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In our new weekly column, consultants with decades of nonprofit experience answer your questions about fundraising, boards, strategy and more. To ask a question and be featured (anonymously!) in the column, email your questions to info@twbfundraising.com.

This week’s question will be answered by Amy Funk.

The Dilemma

We received funds recently as a beneficiary for a student art auction. How do I acknowledge the checks we received from the winning bidders? The art was made by students and there’s no clear value for it, but since they did receive something in exchange for their donation, is it tax-deductible? Should we send them thank-you letters as we normally would?

Amy’s Response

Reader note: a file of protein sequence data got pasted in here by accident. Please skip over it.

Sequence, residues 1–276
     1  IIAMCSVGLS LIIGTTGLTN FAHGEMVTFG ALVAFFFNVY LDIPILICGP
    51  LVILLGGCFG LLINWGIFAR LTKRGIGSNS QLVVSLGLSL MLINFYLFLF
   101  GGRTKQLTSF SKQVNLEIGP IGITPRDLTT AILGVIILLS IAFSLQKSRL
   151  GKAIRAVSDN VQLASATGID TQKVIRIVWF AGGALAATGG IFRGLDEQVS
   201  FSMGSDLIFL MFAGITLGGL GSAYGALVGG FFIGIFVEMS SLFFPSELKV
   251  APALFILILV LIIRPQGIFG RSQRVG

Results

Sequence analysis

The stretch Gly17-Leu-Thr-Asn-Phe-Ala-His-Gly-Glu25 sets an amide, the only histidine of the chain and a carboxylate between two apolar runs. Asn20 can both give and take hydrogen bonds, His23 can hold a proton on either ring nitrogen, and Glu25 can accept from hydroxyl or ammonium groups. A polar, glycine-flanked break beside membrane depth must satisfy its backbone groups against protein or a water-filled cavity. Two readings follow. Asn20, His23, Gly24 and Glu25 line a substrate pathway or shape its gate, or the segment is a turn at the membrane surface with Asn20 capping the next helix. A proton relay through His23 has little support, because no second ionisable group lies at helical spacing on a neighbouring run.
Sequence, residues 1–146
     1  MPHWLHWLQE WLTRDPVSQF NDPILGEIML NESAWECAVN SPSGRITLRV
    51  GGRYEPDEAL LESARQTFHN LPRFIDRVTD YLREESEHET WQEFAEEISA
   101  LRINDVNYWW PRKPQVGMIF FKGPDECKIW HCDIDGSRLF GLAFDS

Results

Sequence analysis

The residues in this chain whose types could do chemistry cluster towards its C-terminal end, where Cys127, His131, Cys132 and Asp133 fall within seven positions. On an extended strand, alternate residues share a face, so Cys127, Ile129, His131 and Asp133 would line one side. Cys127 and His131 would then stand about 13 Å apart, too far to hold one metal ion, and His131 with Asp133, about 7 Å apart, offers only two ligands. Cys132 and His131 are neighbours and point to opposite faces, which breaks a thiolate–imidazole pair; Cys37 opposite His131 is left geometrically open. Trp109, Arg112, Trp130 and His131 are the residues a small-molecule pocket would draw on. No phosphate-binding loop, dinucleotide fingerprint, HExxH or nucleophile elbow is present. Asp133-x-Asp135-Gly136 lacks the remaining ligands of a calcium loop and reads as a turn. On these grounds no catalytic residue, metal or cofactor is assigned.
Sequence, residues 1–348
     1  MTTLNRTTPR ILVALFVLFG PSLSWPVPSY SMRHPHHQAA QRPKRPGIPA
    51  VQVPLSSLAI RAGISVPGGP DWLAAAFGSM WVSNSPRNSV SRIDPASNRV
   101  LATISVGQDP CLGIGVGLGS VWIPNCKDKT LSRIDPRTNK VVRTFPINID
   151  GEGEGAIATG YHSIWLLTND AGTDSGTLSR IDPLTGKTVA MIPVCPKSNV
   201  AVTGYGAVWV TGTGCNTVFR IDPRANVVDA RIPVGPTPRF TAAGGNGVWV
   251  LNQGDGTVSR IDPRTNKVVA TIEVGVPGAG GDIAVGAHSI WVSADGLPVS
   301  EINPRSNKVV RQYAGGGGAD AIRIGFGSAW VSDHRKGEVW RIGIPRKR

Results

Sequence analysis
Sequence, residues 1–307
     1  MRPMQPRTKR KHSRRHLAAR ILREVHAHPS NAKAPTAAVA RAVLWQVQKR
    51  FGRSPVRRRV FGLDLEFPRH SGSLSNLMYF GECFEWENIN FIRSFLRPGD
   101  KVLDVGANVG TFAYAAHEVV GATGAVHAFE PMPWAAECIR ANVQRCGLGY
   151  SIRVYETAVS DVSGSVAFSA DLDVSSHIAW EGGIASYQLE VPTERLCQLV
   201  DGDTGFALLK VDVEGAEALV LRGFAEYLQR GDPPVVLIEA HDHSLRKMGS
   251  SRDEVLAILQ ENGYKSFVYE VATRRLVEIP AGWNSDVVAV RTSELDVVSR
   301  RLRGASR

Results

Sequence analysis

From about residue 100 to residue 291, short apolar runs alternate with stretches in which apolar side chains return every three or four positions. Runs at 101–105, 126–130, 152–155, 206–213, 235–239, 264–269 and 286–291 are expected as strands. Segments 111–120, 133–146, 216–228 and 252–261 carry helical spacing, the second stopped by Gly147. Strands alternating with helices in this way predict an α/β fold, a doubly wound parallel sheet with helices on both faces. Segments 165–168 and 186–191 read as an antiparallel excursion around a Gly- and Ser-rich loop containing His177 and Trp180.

In-kind gifts can be tricky, but a good rule of thumb is to only list the actual value of an item when you are able to be exact.

For example, with an auction item that is brand new, you would send a thank you note that reads, “Thank you so much for your winning bid of $1,000.00 for the Platinum Necklace (valued at $500.00).”

In this case, however, you cannot assign a value – so the letter should simply reference the item itself. Your letter can simply state, “Thank you so much for your winning bid of $75.00 for the 5th Grade Painting.” Donors can assign values for the items when they file their taxes.

The same holds true if you are the recipient of donated items.  For example, with a donated item that is new: “Thank you for your donation of a couch for our Teen Room (valued at $750.00).”  For items that are used, or for services in kind, you can simply list the item that was donated: “Thank you for your gift of office furniture.”

It’s a great sign that you have the kind of community support and awareness that people choose to support your organization with events like these. Keep up the good work!

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